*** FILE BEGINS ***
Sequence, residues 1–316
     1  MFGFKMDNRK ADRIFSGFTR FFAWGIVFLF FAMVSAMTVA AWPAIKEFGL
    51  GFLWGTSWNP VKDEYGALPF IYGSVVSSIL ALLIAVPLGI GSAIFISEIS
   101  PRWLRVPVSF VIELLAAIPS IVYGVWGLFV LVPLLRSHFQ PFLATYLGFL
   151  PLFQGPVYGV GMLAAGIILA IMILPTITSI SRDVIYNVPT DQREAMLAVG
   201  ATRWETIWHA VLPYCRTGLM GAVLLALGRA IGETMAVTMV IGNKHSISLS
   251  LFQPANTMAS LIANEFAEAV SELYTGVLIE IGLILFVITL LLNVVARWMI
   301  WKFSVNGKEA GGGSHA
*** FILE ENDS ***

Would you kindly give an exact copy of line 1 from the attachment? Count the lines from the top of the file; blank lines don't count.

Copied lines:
Sequence, residues 1–316